1. Marius Obert Post author

          Agreed! I think the “node.js revolution” was incredibly huge and therefore many “legacy” languages were pushed into the background.

          About Go: At first, go seems kind of weird when you’re coming from the Java / JS world and have little experience with low-level languages like C (as I do personally). But you will find many very nice features of the language once you do your first steps with Go.

          1. Joao Sousa

            The “revolution” was too huge in my opinion. People start using node.js for everything because it’s “hip” and “modern” instead of using languages better suited for the job.

            It’s the same with blockchain, where for some use cases I just think “Would it just be simpler to use a traditional solution?”

            Blockchain is particularly strange as it shouldn’t appeal to the envrionmentally consciencious crowd. It shows that “fight the establishment” is what’s really important.

            1. HP Seitz

              Hi Joao,

              I personally think in the context of Cloudfoundry and HANA XSA (SAP on-premise version of cloud foundry) Node.JS is a perfect match doing the heavy lifting on big data in HANA Database and have light-weight very scalable service layer with NodeJS.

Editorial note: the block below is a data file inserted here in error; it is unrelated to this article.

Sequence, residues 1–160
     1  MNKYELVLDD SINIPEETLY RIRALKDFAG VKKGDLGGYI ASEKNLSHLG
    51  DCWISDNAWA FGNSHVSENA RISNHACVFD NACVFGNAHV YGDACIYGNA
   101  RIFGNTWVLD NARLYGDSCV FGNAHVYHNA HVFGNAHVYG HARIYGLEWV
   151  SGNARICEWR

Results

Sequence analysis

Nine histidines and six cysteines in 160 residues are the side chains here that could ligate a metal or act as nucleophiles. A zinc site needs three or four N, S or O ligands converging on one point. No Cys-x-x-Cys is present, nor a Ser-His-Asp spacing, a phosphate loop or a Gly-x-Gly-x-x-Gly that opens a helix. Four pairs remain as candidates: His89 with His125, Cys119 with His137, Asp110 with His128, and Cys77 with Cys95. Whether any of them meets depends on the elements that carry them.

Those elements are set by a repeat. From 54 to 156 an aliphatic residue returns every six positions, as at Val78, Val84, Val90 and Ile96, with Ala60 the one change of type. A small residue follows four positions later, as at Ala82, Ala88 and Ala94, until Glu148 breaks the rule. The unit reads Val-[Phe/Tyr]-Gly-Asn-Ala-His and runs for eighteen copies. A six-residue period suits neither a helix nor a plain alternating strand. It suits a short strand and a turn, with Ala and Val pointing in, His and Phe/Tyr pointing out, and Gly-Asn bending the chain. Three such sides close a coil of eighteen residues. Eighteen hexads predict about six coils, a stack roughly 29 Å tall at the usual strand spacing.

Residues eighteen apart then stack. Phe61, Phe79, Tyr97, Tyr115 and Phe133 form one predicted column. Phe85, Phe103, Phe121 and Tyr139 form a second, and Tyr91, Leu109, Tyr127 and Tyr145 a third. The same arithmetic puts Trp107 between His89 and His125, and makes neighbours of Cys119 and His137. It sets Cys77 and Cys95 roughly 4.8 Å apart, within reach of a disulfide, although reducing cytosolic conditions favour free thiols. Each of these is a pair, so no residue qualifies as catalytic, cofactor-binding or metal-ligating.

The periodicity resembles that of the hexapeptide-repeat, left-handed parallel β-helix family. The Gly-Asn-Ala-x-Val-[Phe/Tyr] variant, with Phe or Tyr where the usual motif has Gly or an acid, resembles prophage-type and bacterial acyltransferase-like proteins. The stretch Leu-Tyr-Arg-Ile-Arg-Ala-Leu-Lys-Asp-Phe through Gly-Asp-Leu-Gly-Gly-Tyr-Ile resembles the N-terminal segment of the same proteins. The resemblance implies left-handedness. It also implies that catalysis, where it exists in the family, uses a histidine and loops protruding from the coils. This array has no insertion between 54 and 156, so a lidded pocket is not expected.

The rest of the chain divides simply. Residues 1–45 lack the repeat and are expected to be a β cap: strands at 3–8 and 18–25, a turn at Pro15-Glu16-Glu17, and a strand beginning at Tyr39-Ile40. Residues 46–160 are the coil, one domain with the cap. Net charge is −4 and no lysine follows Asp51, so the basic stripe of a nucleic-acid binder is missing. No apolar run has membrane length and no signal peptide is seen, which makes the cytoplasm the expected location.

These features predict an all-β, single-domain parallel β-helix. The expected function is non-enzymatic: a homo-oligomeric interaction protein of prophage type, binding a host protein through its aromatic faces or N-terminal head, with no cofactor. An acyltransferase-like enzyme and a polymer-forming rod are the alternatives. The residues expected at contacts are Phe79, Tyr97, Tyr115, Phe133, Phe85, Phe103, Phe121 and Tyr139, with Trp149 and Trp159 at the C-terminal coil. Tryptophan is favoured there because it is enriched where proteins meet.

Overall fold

The “burning cpu only” sceanrio used here with recursive functions, is most far from the mayority of all business use cases.

              The revolution with node in SAP eco system is hopefully just started as SAP for now only migrated mainly one to one the XS Classic approach with xsjs/xsodata/cds with the xsjs compatibility layer for node. The full async power (and complexity!), which NodeJS provides, is still to be harvested by SAP providing new frameworks for building business applications.

              Have fun, HP

              1. Joao Sousa

                Node and Hana is a scenario of IO where the cpu burning is happening at the database level. I use a lot, I don’t use it everywhere .

                What do you mean by XSA is cloud foundry on premise?

                1. Marius Obert Post author

                  I think he’s referring to the fact that XSA mimics many of Cloud Foundry’s mechanisms to provide a similar dev experience (both have a similar CLI interface, you define services and bind them to an application, both make use of a UAA etc)

          1. HP Seitz

            perhaps if you want to measure performance of CPU’s or GPU’S. But runtimes, platform, frameworks?

            Does not make sense to me, sorry.

            As it called web server benchmark. It would make sense to have something like user session in there. And see how much memory is used per session and how many user session could be served in parallel. This could be also measured without any another layer and isolated.

            It the current form is does not provide any value as benchmark. Instead many people will derive wrong decision from it by looking on the nice charts!



            1. Joao Sousa

              Let’s agree to disagree. This is relevant if you are using Cloud Foundry to run CPU intensive tasks. It shows that Node is probably the wrong framework to use for those kinds of tasks.

              Are you saying there are absolutely no use cases where your microservice relies on CPU instead of IO ?